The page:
About 400 angry workers have rallied outside Parliament House in Brisbane, calling on the Queensland Government to reconsider changes to WorkCover laws.

Members of the Queensland Nurses Union, Electrical Trades Union, United Voice, Australian Workers Union and the CFMEU attended the joint rally.

They chanted for Premier Campbell Newman to address the crowd.

Union members say the changes to workers compensation unfairly remove the rights of some injured workers to sue their employers.

They are worried it will impact vulnerable families and children of injured workers.

The Nurses Union also presented a petition to the Opposition Leader Annastacia Palaszczuk, calling on the Government to halt its plan to privatise health services.

Members of the Australian Nursing and Midwifery Federation, who have been attending a national conference nearby, marched through the CBD to join the rally.

Parliament has been debating the proposed changes to WorkCover this afternoon.

Premier Campbell Newman says workers will still be eligible for other payouts.

"People have been encouraged by ambulance-chasing legal firms to sue their employers over small matters," he said.

The amendments are set to impact on the profit of legal firm Shine Lawyers.

The Australian Stock Exchange has been informed Shine Corporate Limited is likely to see net profit after tax reduce between $2 million to $2.5 million in 2015.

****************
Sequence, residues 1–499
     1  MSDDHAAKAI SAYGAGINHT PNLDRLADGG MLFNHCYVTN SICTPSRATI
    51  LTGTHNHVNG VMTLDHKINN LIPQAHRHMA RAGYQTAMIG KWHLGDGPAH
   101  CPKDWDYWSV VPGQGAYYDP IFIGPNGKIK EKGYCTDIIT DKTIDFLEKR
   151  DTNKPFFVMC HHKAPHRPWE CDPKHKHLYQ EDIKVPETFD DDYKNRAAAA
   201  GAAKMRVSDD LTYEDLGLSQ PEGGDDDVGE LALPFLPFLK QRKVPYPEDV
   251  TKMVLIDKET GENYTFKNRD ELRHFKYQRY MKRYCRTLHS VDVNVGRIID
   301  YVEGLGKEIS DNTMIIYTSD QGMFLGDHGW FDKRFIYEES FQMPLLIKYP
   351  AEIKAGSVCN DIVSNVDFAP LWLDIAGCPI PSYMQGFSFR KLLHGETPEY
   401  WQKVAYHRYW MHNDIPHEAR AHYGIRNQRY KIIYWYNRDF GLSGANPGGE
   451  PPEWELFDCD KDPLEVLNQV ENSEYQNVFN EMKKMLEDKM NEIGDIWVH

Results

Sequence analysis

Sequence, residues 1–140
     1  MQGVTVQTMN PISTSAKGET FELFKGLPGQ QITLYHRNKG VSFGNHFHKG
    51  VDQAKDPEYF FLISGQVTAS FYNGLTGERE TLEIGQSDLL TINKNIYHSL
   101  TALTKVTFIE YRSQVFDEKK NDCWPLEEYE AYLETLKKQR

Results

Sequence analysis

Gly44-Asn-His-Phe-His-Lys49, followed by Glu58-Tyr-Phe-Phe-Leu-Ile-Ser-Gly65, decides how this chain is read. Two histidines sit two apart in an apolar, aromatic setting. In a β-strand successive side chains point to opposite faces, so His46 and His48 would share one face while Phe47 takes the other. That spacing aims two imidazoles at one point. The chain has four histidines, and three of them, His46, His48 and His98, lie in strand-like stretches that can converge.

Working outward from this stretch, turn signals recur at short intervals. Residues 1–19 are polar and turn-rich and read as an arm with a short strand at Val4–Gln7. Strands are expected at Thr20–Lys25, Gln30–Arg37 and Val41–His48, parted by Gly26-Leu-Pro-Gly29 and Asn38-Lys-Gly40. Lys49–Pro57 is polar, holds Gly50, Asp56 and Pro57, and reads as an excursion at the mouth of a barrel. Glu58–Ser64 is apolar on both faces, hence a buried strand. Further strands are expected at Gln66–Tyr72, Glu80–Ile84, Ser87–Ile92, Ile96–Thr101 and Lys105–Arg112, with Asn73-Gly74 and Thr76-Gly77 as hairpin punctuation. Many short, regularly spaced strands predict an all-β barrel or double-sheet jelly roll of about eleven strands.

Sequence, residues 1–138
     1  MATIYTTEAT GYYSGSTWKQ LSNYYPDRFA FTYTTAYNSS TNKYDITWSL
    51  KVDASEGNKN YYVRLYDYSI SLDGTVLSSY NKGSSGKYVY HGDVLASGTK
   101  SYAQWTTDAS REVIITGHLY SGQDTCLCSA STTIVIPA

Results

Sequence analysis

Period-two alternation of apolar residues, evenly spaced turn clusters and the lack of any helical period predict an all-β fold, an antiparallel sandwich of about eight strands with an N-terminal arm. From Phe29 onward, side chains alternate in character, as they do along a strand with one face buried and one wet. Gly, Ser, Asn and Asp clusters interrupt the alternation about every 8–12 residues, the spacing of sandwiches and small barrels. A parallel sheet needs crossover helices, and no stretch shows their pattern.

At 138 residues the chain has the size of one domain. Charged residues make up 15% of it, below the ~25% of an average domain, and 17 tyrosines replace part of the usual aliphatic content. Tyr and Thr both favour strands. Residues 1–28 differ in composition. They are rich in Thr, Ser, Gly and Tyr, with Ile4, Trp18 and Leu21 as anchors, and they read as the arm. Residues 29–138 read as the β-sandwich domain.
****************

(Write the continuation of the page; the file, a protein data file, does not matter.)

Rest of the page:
Shine managing director Simon Morrison says the company has adjusted to similar reforms in other states and is well placed to deal with the changes in Queensland by reducing its reliance on personal injury compensation.

Of the company's 40 offices, 27 are in Queensland.

But Rob Hodgson from the Australian Lawyers Alliance says his colleagues are more concerned about workers rights, and will campaign against the changes up until the next election.

"A lot of lawyers who are members of the LNP themselves are deeply concerned," he said.

Mr Hodgson says most claims are legitimate.

"Unworthy claims are weeded out early in the piece," he said.

Business groups insist workers compensation changes are needed because some employees are taking advantage of the current system.

Nick Behrens from the Chamber of Commerce and Industry Queensland says the changes will cut premiums for employers, and workers will still be eligible for lump sum payments.

"What this bill does does not deny an employee the right to compensation," he said.

"At the moment, employees are trying their luck to see what sort of settlement they can receive from WorkCover and Queensland believes this is grossly unfair.

"It will save the Queensland business community $293 million."

The Queensland Trucking Association says some workers are shopping around to see how much they can "screw" out of the system.

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